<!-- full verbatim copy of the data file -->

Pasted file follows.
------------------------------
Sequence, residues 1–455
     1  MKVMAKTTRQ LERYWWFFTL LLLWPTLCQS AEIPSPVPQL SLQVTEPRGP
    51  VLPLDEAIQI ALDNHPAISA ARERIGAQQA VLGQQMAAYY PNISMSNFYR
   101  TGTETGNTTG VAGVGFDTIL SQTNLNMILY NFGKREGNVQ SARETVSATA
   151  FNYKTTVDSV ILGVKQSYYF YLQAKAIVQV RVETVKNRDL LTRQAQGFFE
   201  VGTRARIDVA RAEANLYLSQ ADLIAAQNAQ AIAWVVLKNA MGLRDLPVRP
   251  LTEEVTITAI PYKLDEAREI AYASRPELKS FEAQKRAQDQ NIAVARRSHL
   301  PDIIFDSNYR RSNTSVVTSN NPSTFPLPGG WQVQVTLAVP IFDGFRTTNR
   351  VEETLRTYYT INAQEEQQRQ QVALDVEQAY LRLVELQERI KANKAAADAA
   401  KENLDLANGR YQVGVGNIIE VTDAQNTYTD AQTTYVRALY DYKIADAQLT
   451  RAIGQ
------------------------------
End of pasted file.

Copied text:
Sequence, residues 1–455
     1  MKVMAKTTRQ LERYWWFFTL LLLWPTLCQS AEIPSPVPQL SLQVTEPRGP
    51  VLPLDEAIQI ALDNHPAISA ARERIGAQQA VLGQQMAAYY PNISMSNFYR
   101  TGTETGNTTG VAGVGFDTIL SQTNLNMILY NFGKREGNVQ SARETVSATA
   151  FNYKTTVDSV ILGVKQSYYF YLQAKAIVQV RVETVKNRDL LTRQAQGFFE
   201  VGTRARIDVA RAEANLYLSQ ADLIAAQNAQ AIAWVVLKNA MGLRDLPVRP
   251  LTEEVTITAI PYKLDEAREI AYASRPELKS FEAQKRAQDQ NIAVARRSHL
   301  PDIIFDSNYR RSNTSVVTSN NPSTFPLPGG WQVQVTLAVP IFDGFRTTNR
   351  VEETLRTYYT INAQEEQQRQ QVALDVEQAY LRLVELQERI KANKAAADAA
   401  KENLDLANGR YQVGVGNIIE VTDAQNTYTD AQTTYVRALY DYKIADAQLT
   451  RAIGQ